The oil industry has been shocked by a move by OPEC+ to continue limiting supply despite rising demand across the world. The move, championed by Saudi Arabia, has led to oil prices soaring which has added inflation worries for economies as they look to come out of lockdowns imposed due to the pandemic. Prices had already been surging recently due to OPEC+ restrictions and vaccines leading economic recovery helping spur demand. Russia and Kazakhstan were given exemptions and allowed to marginally boost production but this pales in comparison to the potential increase that was anticipated.
The decision by OPEC+ to continue limiting supply means that the alliance will hold production at current levels while Saudi Arabia will continue its daily production cut of 1 million barrels a day demonstrating the desire to keep the market tight and under control. The discussions had been over whether to restore 1.5 million barrels a day but the surprise move has resulted in major banks upgrading their crude oil price forecasts. With rollouts of the vaccine happening across the world, economies are strengthening and demand is rising which is going to cause even further spikes in demand and price if supply is restricted. Weak labor markets are somewhat offsetting this but going forward this is likely to be less of a factor as life returns to normal for many.
The move shows the confidence from Saudi Arabia that higher prices will still not be enough for American producers to boost supply. If all goes to plan, OEPC+ will be able to not only push up prices now but also recover market share in the future increasing its stranglehold on the global oil industry. But the alliance does have a history of underestimating US producers who continually exceed production estimates even claiming market share last year. Additionally, Asia has been at the center of demand recovery in recent months. China, in particular, has seen recent gasoline and diesel above pre-pandemic levels after the industry largely returned in the second half of 2020 and into 2021. But the country is likely to scale back imports with rising prices. India also called out it’s dismay at “artificial cuts to keep the price going up” and has stated its desire for OPEC+ to boost production. The country relies on 80% of its oil through imports making it the third largest importer globally.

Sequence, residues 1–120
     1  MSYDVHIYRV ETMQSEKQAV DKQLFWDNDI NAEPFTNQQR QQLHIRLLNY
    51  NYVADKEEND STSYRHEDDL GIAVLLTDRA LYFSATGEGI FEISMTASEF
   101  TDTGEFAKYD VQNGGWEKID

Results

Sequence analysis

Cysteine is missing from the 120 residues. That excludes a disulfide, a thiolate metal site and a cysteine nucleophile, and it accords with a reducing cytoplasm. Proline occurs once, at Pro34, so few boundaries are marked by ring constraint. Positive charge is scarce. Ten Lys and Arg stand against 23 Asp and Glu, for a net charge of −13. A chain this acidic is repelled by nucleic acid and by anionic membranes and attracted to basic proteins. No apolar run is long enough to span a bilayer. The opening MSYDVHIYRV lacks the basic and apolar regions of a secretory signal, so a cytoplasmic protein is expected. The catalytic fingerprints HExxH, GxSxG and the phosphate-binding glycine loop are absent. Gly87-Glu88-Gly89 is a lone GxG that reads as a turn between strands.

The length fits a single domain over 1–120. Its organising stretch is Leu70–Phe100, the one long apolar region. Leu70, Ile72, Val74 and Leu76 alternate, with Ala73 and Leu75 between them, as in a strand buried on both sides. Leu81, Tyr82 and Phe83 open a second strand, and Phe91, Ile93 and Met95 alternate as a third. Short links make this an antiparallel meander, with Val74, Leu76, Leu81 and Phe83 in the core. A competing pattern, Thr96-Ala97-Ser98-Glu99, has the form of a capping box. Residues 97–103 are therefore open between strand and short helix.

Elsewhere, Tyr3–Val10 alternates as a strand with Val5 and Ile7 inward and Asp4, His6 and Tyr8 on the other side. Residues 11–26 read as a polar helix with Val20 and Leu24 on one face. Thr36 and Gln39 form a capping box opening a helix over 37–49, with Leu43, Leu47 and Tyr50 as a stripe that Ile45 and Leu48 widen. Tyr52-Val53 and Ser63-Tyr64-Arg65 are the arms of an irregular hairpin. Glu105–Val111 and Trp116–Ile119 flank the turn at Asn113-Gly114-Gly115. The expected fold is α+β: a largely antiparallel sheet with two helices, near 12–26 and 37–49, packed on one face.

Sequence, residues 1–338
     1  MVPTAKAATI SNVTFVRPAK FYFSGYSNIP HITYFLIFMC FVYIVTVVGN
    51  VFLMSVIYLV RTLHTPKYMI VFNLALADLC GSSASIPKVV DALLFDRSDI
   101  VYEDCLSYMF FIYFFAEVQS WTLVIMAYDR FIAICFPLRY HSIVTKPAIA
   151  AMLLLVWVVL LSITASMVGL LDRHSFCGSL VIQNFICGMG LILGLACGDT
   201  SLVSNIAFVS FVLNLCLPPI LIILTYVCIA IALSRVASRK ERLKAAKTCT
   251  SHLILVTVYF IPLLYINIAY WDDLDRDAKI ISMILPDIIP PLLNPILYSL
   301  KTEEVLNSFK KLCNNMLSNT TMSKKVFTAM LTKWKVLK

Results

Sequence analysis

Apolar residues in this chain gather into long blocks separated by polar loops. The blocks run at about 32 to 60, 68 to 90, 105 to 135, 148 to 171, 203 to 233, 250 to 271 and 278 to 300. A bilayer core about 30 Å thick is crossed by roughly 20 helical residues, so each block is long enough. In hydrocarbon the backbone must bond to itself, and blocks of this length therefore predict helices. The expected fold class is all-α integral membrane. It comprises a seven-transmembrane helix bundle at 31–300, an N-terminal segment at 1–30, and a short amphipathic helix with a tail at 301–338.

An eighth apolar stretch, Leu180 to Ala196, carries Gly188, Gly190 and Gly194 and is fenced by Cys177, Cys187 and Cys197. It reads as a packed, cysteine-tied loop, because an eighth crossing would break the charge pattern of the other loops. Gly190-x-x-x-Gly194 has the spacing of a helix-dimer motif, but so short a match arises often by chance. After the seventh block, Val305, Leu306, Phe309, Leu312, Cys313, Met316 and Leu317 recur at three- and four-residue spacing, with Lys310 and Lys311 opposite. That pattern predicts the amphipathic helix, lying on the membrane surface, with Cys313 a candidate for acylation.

South America is a region to watch in the coming years in the future of the oil. Despite the crude oil price crash caused initially by the pandemic, the region’s offshore oil boom was not deterred. Guyana, Brazil, Suriname and are all looking to significantly increase their production which in the long term could make the region the largest offshore producer globally and provide an alternative for importers. Brazil is now the 10th largest oil producer in the world and grew throughout 2020 despite difficult market conditions.